There is a story behind every jersey. There are lessons that can only be learned on the field, the mat, the court or the track. Every athlete encounters both highs and lows, and each one has to learn how to win and lose graciously. Monumental wins aren't only used to describe championships. There is great value in personal victories, too. Ask any athlete, and they'll tell you that they wouldn't be the person they are today if they hadn't picked up their sport. The truth in that statement comes from everything that the game taught them.
1. You're only as good as your last game.
Sports are defined by competition. However, that competition doesn't always come in the form of the opposing team. Sometimes, it's your own teammates. Everyone wants that starting spot or as many minutes as possible. Everyone wants to get the chance to showcase their skills on game day. Your last performance, whether it be at a game or practice, marks where you match up against everyone else on the team. Starting lineups are never set in stone. They're fluid and they're going to be adjusted to always include those who will contribute the most, those who are never content, those who are always looking to be better. Settling to remain at the level you're at will only make way for someone who isn't satisfied with their own performance to step in and fill your shoes. This is how teammates push teammates. In my eyes, it's the best form of competition.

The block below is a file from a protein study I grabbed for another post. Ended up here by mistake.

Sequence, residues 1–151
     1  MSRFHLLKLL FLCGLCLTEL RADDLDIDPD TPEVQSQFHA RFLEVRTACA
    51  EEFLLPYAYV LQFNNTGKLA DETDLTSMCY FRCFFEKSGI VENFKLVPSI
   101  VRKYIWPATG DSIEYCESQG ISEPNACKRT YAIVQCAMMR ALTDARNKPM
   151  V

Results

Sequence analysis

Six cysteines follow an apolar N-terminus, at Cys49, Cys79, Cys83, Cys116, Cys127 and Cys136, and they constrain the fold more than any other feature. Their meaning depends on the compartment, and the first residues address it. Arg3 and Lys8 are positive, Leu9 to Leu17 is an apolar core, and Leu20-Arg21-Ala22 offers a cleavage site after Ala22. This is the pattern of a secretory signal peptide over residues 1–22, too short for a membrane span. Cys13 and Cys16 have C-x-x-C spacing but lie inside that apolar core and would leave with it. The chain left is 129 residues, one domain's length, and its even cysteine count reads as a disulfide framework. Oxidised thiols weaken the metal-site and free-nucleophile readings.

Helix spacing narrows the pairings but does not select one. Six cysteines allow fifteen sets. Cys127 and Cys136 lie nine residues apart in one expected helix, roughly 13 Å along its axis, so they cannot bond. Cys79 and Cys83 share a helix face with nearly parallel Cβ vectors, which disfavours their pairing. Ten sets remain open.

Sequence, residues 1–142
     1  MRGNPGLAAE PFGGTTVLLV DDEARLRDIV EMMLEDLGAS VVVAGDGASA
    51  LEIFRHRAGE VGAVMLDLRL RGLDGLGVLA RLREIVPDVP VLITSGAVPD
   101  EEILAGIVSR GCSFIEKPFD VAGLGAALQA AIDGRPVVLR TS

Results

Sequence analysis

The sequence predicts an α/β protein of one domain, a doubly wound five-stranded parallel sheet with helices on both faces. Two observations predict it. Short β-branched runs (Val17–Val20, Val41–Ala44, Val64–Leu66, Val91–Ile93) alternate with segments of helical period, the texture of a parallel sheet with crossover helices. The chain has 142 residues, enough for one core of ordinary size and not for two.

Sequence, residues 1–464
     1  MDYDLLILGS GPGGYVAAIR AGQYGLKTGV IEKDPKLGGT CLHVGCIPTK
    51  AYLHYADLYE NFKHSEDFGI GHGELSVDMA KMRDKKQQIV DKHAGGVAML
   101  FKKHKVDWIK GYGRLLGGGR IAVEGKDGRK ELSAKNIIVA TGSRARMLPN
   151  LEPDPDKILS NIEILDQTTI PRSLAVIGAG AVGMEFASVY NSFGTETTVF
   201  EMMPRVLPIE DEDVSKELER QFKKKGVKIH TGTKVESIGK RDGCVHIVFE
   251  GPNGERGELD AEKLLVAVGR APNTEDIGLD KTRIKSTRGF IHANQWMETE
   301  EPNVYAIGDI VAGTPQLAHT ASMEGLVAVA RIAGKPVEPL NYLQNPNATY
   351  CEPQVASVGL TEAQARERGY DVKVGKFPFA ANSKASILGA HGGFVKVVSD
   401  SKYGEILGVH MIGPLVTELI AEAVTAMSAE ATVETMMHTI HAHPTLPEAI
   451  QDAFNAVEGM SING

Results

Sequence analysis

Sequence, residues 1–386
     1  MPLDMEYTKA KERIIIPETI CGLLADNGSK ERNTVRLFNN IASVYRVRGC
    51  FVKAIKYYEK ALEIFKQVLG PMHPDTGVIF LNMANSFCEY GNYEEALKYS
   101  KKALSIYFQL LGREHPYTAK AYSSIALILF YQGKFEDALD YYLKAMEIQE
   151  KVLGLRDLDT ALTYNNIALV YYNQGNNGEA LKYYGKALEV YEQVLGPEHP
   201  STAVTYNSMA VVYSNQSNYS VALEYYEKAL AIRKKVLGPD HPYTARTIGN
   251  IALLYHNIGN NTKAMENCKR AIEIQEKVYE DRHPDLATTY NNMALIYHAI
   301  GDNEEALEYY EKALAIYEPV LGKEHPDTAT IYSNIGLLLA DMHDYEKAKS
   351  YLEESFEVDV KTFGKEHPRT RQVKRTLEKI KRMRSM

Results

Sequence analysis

2. A winning team mentality starts with individual mentality.
I have seen so many teams lose a game before the first whistle even blew, simply because they counted themselves out. It is the job of the coaches and captains to make sure that every member of the group is buying into what they can accomplish as a unit and is also aware of the sacrifices he or she must make. If everyone isn't on board, successes will be limited. Likewise, it is the job of each and every player to commit themselves to living out the team's goals and attitudes both on and off the field. One bad apple can spoil the whole bunch. Physically being on the field at practice or a game does not mean that a player is mentally ready to dedicate all they've got to the game set before them. Mental discipline and mental toughness are just as important, if not more important than the physical attributes an athlete possesses.
3. You are capable of more than you realize.